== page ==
Goodbye Moni, hello Maumere

I staggered backwards as the mob worked itself into a frenzy…grabbing my clothes, arms, probing hands into my pockets. In the distance I could see more reinforcements running in my direction and suddenly I knew I was in trouble.

Angry locals? Betel-nut-chewing zombie women? Nope…this time it was elementary schoolkids.

Before I left Moni, I decided to walk to a small bookshop owned by a Dutch guy in Woloara, a small village just a few kilometers from here. Disappointingly, the “bookshop” turned out to be one small shelf of books in his home. The owner was back in Holland, but his local help let me exchange 2 books (The Reader and The Beach) for a new one just to dump some weight. I always loose weight on these trips but my backpack mysteriously gains it, even despite not buying anything.

On my way back to Moni along a very hot, dusty road, around 40 schoolkids rushed me. There were more than I could keep track of and I was soon overwhelmed, so I did my best to get some pictures and to keep their grubby hands out of my pockets (they were looking for candy and ink pens – both are highly sought after by the little monsters). Just as more were pouring out of the nearby school like hornets swarming in my direction, three olive-drab uniformed teachers came to the rescue and started dishing out generous amounts of justice via wooden yardsticks.

I managed to slip away amid the swirling chaos of wailing, smacking, and arm grabbing and put some distance between us.

Today is a market day in Moni, so all the neighboring villagers show up to buy, sell, and trade everything you can think of. Chickens fetch a huge price here, even making any meal that contains chicken way out of my price range. Seafood isn’t cheap either, so I’ve literally been living on rice and fried noodles. I eyeballed some betel nuts, just for the sake of culture and trying this local addiction, but after seeing the vendor’s rotting red-stained teeth, I decided there have to be better bad habits to take home.

After a third enjoyable, relaxed night in Moni, it was definitely time to leave the tiny village and get on to something else. I did meet several couples, who like everyone else, that had come to see the lakes in Kelimutu. It was nice to have some English speaking company finally, and we had our share of laughs about Indonesia and Flores culture.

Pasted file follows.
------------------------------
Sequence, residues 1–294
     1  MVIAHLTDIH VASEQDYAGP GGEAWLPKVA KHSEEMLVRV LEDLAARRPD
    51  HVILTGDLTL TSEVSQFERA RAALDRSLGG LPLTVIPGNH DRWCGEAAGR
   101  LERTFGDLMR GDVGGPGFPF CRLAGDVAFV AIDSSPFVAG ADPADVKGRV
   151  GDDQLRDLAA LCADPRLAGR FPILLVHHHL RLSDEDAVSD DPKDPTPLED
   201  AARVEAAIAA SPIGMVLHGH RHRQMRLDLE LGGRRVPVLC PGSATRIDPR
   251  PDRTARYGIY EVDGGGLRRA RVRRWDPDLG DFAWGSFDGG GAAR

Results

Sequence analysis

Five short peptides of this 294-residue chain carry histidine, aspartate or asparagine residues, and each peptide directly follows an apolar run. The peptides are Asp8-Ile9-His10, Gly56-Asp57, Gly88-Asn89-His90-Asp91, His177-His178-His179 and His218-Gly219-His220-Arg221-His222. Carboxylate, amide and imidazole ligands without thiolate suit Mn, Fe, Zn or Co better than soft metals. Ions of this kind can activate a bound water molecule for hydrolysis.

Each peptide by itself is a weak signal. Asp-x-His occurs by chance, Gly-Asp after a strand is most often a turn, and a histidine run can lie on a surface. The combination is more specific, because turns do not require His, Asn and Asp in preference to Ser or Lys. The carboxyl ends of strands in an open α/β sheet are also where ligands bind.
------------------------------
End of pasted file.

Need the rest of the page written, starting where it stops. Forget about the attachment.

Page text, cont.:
The bus to Maumere, my last stop in Flores, was comfortable enough. This my 5th local bus ride in 7 days, so I was excited to get a seat to myself and to have a freshly charged IPOD to help put me into a happy place. As a bonus, no one was even puking into plastic bags on this ride, also a first. I climbed out in Maumere four hours later in overwhelming equatorial heat radiating off the road.

The Lonely Planet says Maumere is decayed and dilapidated thanks to a local earthquake and tsunami they had a few years ago. I wouldn’t argue, but the place is easy to get around and full of conveniences, making it easily one of my favorite towns in Flores. There is a huge, cheap supermarket (which plays country music) for supplies, fast enough internet access, and a waterfront with fresh seafood. There is also a strip of very cheap street stalls offering grilled fish, chicken, beef, and dog.

Yes, dog. I passed this time, I gave it a go in China and one plate of the gelatinous, fatty meat was enough for me.

I dropped my things into Hotel Gardena for $6 a night and walked 30 minutes to a restaurant on the water. There is no menu, you simply look into the ice chest at the catch of the day and choose a random fish. Some in the box were still twitching and squeaking pathetically “don’t pick me!” I chose one of the squeakers (assuming it would be the freshest) and 30 minutes later I was looking at more baked fish than I could possibly eat, enough for two people easily, for $4 – a little over my eating budget but my reward for crossing Flores from end to end.

I ate everything but the eyes, teeth, and bones!

I ran into a local guy that I had met previously in Bajawa and he’s been showing me around (and off to his friends) on his motorbike. I have to say, out of every place in every country, I have met more locals here in Flores than anywhere – which is nice and gives me a slightly better peek into their culture than the average tourist normally receives.

I haven’t heard an airplane in two days and supposedly the airport is just a few kilometers away, so that’s a little concerning, but hopefully I can get something booked and get on down the road – Indonesia is too big and too interesting to hold still for very long. (unless you’re on an island of course!)